The solvent used in the practice of the present invention with the titanate in the spray application will be essentially at room temperature. Of course, in the environment of a glass plant, the prevailing room temperature may be as high as 110 F.

The annealing process, after the titanante application, has essentially nothing to do with the effectiveness of the titanate treatment. It is carried out to prevent stresses from developing in the body of the glass on cooling. In commercial practice, an annealing period of approximately one-half to one hour is generally employed. This time, of course, will vary depending upon the size of the glass objects. Heavier glass articles will require a longer annealing period to prevent stresses from developing on cooling.

When droplets of tetraisopropyl titanate are directed toward a glass surface, at approximately 500 to 600 C., it is theorized that the latent heat in the glass causes the rapid vaporization of the liquid TPT. The resultant vapor then will react with the glass to provide the TiO film. If the titanate is chelated in such a manner as to render it nonvolatile, as for example with triethanolamine, then the effectiveness of the treatment is greatly impaired. The glass will tend to be spotted indicating that some of the drops of fluid contacted the glass giving minute localized reactions. If, however, a chelate is chosen of the type that is readily reversible, that is one which the chelating agent itself is volatile, as are the acetyl acetone, ethyl lactate and 2-ethoxyethanol, then effective treatments can be obtained. It is theorized that these chelates, being reversible, are dissociated by the latent heat in the glass, regenerating ortho titanate vapors, which then can react uniformly with the glass surface to give a satisfactory coating.

If it was practical to make the applications at 0% relative humidity, the optimum product would no doubt be the tetraisopropyl titanate itself, since there would be no problem with hydrolysis caused by the prevailing atmospheric humidity. Under conditions normally encountered, however, more or less humidity is always present. This humidity will cause a prehy-drolysis of the tetraisopropyl titanate before it has an opportunity to react with the glass. The chelating agents are added to retard this hydrolysis reaction, so that the ortho titanate may approach the vicinity of the glass in an essentially unhydrolyzed condition. These chelates, therefore, will give a highly efliciency of deposition during periods of high humidity.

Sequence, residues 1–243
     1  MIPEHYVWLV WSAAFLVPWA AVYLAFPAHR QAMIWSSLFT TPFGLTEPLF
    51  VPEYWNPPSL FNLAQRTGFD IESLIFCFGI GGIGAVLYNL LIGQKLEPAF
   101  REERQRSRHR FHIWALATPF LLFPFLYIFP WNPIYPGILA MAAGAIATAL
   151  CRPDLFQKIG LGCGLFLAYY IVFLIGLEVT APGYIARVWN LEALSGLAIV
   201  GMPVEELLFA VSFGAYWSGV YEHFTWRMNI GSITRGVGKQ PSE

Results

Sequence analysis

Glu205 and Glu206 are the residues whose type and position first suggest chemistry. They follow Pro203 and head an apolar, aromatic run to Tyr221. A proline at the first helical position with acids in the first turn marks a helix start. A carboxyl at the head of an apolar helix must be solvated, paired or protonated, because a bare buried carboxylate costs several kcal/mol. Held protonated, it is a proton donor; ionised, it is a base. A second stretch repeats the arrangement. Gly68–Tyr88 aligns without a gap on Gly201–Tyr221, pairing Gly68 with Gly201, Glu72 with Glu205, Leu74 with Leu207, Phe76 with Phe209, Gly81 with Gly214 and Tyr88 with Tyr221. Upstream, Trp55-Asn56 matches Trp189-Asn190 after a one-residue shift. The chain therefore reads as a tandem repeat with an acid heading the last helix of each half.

The following examples illustrate but are not meant to limit the present invention. They illustrate the use of the present invention in the presence of atmospheric moisture particularly conditions of high relative humidity. It has been found that this invention is particularly useful when the relative humidity exceeds EXAMPLE 1 In order to simulate the effects of prehydrolysis of the tetraisopropyl titanate in times of high humidity, an apparatus was set up in which the tetraisopropyl titanate was sprayed two to three inches above a tray of boiling water. A shallow pan 4 /2 inches x 8 /2 inches x 2 inches filled with water was placed between a glass vial at approximately 900 F. and the spray gun. A two-second duration application through the spray gun was then made of a solution of tetraisopropyl titanate 16.5% in isopropyl alcohol (titanium content 2.8%). Under these conditions, essentially no TiO was deposited. After development with a soap solution, the glass vial was found to have a very poor degree of scratch resistance. It showed essentially no better scratch resistance than an untreated vial. In another application, the tetraisopropyl titanate was chelated with two moles of acetyl acetone. This composition, when sprayed to the vials under the same conditions and at the same titanium content (2.8%) in the solution, gave an excellent degree of deposition of the T10 as evidenced by a reflective coat and a high degree of scratch resistance on development with a soap solution. A similar composition prepared from the tetraisopropyl titanate and two moles of ethyl acetoaeetate applied from isopropyl alcohol at the same titanium level (2.8%), again gave an excellent degree of scratch resistance. Ethyl glycolate gives essentially identical results.